That is, until we started touring again. With just one week left of his time in South Africa, we decided we hadn’t nearly had enough mountains so we pointed our muzzles south and aimed for Sani Pass in the lower Drakensbergs. (If you recall my backpacking adventure from December 2012, it started and finished at this very same place.) We lapped up the vibrant scenery like dehydrated hippies and enjoyed chatting with other travellers before setting off on a little two-night date with Nature. It’s a funny thing, hiking; it allows you to fully immerse yourself in the natural world as we were once strictly meant to (well, okay, minus the Lycra and the polarized sunglasses and the energy bars). The next two days were long and lovely: we stayed in a massive cave, collected water from the falls at our front door, used fire to cook and keep warm, and forewent our tent for sleeping on the earth. We forgot books or a deck of cards but it was a blessing in disguise – why must we always search for entertainment? Even if you’ve watched a river surge by for two hours, just watch some more, just… be. Thus, our desire for wilderness quenched yet again, we traipsed home to the backpackers and – I kid you not – right as the buildings came into view, I decided to twist my ankle and bum up my knee. So, no, “Thandeka” does not translate to “graceful.”
At this point we only had one destination left, Johannesburg – a place we were excited to visit, yet dreading because it plays host to that infernal institution known as an international airport. We did make the most of our couple days there, visiting hot spots around the area whilst in a consistent state of Laughingjitis as we rehashed the last three weeks. John got his South African history fix and paid homage to Nelson Mandela at the Apartheid Museum, we got some final souvenirs at a local market, and were able to squeeze in a trek to the Cradle of Humankind. Y’all, that was simply stupendous. We went on a cave tour where our ancestors are still being excavated, wandered around a thorough anthropology/environmental museum, and got six inches away from Mrs. Ples – a 20 million year old hominid skull. Put that in your pipe and smoke it.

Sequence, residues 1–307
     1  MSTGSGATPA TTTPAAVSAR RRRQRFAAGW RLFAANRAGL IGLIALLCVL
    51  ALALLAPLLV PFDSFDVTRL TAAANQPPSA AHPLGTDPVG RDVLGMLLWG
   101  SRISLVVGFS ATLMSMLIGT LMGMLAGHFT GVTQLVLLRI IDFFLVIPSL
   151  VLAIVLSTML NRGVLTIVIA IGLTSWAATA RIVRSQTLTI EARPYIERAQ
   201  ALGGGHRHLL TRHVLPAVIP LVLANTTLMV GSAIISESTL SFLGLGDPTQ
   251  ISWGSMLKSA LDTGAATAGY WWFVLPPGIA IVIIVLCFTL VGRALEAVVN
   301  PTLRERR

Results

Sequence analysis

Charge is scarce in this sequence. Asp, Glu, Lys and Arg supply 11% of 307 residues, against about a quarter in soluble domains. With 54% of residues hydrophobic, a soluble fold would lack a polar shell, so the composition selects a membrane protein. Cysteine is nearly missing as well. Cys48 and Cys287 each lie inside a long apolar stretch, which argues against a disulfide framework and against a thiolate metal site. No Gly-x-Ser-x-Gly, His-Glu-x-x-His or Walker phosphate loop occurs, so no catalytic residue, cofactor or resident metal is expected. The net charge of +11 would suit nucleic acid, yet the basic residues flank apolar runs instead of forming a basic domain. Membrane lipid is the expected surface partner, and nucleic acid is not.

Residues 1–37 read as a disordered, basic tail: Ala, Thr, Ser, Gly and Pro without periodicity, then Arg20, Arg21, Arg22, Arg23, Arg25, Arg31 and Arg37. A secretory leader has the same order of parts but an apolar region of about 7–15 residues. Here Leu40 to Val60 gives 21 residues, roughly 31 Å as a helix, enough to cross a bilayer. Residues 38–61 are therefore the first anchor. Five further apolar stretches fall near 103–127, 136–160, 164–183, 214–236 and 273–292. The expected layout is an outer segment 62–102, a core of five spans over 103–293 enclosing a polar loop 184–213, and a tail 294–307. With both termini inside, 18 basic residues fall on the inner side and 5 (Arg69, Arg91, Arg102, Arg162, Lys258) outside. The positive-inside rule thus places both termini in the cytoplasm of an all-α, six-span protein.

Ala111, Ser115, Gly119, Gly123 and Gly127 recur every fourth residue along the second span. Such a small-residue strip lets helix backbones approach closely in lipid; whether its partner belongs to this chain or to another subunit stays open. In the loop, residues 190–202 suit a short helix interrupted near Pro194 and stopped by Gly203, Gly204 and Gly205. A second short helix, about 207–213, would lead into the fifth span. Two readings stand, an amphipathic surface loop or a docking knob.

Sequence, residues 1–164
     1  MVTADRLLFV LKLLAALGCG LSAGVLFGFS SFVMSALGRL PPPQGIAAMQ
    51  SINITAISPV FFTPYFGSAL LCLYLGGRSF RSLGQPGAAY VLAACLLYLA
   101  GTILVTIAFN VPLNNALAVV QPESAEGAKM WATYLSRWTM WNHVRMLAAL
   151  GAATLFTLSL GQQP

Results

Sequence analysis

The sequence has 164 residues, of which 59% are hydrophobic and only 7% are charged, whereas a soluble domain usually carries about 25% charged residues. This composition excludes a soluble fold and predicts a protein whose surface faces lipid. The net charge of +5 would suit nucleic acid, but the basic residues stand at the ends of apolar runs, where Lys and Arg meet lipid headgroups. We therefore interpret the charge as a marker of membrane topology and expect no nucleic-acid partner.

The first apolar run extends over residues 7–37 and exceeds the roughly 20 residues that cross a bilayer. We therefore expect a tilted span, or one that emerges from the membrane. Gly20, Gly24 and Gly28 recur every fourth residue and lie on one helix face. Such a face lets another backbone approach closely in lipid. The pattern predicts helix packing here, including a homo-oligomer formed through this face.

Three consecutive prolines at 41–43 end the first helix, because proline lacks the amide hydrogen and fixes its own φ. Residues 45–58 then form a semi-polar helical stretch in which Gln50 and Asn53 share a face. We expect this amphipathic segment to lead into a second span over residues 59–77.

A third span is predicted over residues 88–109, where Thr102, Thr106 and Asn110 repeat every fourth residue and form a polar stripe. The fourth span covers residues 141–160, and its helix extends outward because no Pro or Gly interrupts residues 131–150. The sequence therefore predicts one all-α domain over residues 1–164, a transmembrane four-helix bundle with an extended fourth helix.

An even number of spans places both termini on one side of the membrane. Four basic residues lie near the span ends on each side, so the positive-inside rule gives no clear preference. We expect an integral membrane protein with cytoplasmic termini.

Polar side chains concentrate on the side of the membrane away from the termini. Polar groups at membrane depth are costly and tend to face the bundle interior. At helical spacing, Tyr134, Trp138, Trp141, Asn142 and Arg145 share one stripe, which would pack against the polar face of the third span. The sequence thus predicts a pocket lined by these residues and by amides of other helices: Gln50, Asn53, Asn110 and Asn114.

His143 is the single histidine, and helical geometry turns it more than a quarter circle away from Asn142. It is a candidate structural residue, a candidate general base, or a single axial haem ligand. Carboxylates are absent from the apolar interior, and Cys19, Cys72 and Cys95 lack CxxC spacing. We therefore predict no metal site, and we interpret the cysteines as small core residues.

Eventually 29 January rolled around, the day of departure – but what was our final stop before the airport, you ask? A brewery of the local South African beers. It was quite an interesting tour, one very different to the Stateside breweries I’ve been to in that it shares much more about the history and culture(s) of beer in this country and less about the production process. Finally, with (literally) all of our thirsts satiated, that dear brother of mine took off to a foreign land across the sea. But not without the cliché public sob fest – what’s a family gathering without a little drama? John has always been one of my best friends and, if this trip is any indication (and if he doesn’t try to overstuff me with Gouda again), we’ve got a lot of fun times ahead. Sala kahle, Thokozani; I’ll see you in October!